Sunday, 27 March 2011

.Chickens for slug control

Traditionally people have kept chickens for their meat and eggs, as well as using them to convert waste into food and fertilizer for the garden. These days, they are often treated as pets rather than farmyard animals.

We bought out first chickens eight years ago, as point of lay birds. This means that you have slightly older birds that are almost ready to produce eggs. There are advantages and disadvantages to this approach. You get eggs sooner, and the birds being older are more robust and healthy. You need less experience at breeding, and looking after younger birds.

Probably the biggest disadvantage for the backyard keeper is that the chickens are not that tame, and haven’t had as much training or handling in their youth as you would hope for. While the birds do get tamer, I find that hand reared birds are often more tame.

There is such a wide variety of choices when it comes to chickens. We choose Light Sussex. It is a mixed breed that produces nice eggs, and can also be used for meat. The biggest downside of such a bird is that the breed becomes broody very often. You need to learn how to overcome this problem. Probably the most efficient means was the broody coup,

I think people often think that looking after chickens is quite simple. Well, I don’t agree. While the first stages... making sure they have regular food, water, and medical attention is relatively simple it is like taking care of any other animal. You need to pay attention to them, and become aware of the problems you can have.

Of course, it becomes very complicated when you get to breeding. Suffice to say, if you don’t know what you are doing I suggest seeking advice before breeding chickens. In particular, most people should not keep a rooster in their garden.

When we bought our chickens, we chose electric fencing and a paid chicken coup. It was perhaps the most expensive way to get chickens. These days, I would suggest that you convert a shed into a chicken coup instead. The biggest thing is to get the egg box and perches right, and make sure that the coup is not too large for the birds so they don’t get too cold during the winter.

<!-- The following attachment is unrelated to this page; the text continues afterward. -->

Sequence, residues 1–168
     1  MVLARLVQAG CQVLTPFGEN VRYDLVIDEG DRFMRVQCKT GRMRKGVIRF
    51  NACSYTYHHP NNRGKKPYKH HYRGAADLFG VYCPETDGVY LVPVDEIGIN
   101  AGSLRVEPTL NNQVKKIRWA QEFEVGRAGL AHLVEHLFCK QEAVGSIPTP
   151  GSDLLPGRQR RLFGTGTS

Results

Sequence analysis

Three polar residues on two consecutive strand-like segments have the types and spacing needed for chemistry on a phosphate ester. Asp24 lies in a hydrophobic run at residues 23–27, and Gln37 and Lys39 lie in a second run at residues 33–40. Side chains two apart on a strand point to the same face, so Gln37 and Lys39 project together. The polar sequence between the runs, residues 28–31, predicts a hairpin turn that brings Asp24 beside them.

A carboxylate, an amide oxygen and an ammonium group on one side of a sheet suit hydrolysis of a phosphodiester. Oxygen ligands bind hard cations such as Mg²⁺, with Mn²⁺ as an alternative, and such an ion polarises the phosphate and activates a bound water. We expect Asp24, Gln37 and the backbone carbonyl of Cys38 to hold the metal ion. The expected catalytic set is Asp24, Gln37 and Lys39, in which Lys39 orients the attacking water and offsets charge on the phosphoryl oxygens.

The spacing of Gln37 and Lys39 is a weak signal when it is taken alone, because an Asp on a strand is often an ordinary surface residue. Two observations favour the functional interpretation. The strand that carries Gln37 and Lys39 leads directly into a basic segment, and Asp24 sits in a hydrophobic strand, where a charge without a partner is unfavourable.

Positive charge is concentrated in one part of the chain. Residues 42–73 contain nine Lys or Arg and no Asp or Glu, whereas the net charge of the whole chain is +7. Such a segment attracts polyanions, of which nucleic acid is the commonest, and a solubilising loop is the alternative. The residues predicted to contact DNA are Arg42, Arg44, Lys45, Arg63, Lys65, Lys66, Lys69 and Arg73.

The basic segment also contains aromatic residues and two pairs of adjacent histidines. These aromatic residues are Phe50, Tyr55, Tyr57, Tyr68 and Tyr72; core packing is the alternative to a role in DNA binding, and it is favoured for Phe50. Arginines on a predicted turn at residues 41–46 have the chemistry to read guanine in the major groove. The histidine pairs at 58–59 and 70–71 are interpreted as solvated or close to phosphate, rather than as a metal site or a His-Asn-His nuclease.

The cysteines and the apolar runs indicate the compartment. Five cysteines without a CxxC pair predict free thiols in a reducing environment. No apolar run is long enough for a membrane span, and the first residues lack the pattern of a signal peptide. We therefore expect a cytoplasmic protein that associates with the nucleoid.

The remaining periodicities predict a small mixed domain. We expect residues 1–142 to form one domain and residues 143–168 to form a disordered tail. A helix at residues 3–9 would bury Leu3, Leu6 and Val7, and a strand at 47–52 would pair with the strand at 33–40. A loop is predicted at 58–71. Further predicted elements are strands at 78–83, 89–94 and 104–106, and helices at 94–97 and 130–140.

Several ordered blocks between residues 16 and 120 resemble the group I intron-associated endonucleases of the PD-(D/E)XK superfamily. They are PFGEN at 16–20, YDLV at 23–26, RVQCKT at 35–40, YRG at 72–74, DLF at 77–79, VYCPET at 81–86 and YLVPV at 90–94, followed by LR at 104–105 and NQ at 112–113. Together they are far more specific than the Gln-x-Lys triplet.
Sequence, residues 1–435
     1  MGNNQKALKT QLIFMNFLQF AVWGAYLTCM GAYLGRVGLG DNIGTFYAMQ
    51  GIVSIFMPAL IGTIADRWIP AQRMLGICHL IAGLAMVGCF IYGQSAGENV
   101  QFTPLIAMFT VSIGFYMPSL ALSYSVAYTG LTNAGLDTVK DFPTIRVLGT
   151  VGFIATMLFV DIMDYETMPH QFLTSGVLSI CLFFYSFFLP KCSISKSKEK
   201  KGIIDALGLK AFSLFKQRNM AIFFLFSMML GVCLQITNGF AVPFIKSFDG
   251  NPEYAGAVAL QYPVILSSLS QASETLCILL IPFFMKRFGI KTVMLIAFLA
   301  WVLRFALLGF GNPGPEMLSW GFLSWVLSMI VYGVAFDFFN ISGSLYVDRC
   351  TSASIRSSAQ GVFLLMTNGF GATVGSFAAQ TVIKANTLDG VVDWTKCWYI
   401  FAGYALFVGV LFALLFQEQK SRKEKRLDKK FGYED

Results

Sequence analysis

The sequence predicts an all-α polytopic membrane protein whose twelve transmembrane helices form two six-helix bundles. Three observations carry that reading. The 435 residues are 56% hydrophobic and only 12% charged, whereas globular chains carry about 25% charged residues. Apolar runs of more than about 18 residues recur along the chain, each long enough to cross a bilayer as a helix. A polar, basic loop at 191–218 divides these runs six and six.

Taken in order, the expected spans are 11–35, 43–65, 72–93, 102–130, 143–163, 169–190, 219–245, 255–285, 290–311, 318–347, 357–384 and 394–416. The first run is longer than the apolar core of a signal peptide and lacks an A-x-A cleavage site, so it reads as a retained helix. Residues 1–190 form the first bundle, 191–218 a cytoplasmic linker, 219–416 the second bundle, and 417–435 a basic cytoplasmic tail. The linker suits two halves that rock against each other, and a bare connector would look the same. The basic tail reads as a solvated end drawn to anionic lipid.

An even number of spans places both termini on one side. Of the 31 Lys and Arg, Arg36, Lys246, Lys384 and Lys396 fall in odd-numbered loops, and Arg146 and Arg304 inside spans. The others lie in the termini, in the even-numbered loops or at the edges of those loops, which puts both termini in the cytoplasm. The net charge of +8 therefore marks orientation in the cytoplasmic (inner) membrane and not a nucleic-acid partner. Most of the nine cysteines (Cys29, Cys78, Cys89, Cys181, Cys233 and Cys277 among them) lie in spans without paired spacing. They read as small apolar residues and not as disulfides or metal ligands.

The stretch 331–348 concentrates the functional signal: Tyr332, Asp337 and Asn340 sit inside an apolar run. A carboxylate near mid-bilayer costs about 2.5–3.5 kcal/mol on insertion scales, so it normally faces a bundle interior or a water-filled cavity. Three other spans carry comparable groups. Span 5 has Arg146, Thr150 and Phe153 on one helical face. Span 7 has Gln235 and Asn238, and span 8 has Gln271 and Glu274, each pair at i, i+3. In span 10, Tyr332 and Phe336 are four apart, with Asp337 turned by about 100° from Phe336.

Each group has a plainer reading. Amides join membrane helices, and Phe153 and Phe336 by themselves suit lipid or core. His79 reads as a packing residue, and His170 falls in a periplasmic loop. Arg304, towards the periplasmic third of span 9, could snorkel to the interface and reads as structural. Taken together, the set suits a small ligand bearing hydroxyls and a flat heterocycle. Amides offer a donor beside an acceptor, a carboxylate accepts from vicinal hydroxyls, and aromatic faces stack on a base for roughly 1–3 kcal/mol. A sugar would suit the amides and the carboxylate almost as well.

You can find instructions on how to convert a shed in Seymour’s Self Sufficiency.

Looking after chickens is fairly easy. You will want to use a decent quality layers mash, or layers pellets, and may want to provide a source of grit or calcium in the enclosure. Probably the most common problems are with mites. You are probably advised to clean the coups with Jayes fluid at least twice a year, make sure there are dry dust baths, and probably worm the chickens regularly.

In addition to that, you will also want to buy a red spider mite powder available in livestock supply shops if you get red spider mites in your coup. You need to examine the crevices of the coup regularly to check for them.

Of course, decent hygiene is important, so you need to regularly clean your chicken coup out. This is not an entirely pleasant experience. But it does produce plenty of chicken manure, which can be put on the compost heap once it is rotted down.

Making sure they are tame

The most important thing is to handle the chickens regularly, from a young age. It is important that they learn you are not scary. Otherwise, it becomes quite a challenge to catch them and treat them when they are ill. You don’t want to end up chasing them around the garden!

Using Chickens to eat slugs

You can get the best value out of your chickens by allowing them into your vegetable garden to eat slugs during the winter. While they eat any insects and slugs in their enclosure, they will also be providing a certain amount of goodness to the soil too.

Chickens do eat slugs, insects and snails, and they really enjoy removing these pests from your garden for you!

Locking the Chickens up at night

I generally suggest locking chickens up at night, because they are a temptation to foxes. This is especially true in early spring, when foxes are particularly hungry. In any case you will need to fence your chickens very securely. Probably the best fence is an electric fence, but as long as you have a sturdy, tall fence with chicken wire that has been dug into the ground at least three feet deep, it should protect the chickens.

Some people may think their chickens are safe because they live in a town or city. This is no longer the case.


Chickens produce great eggs, meat, and of course will eat the slugs in your garden so can even save you time. They are well tempered birds, but they do need a lot of looking after. If you want to take care of chickens, I suggest getting a copy of smallholder magazine and finding a poultry course in your area.

1 comment:

  1. I never knew they could eat slugs. Actually wish I didn't know that now(!) 😂😂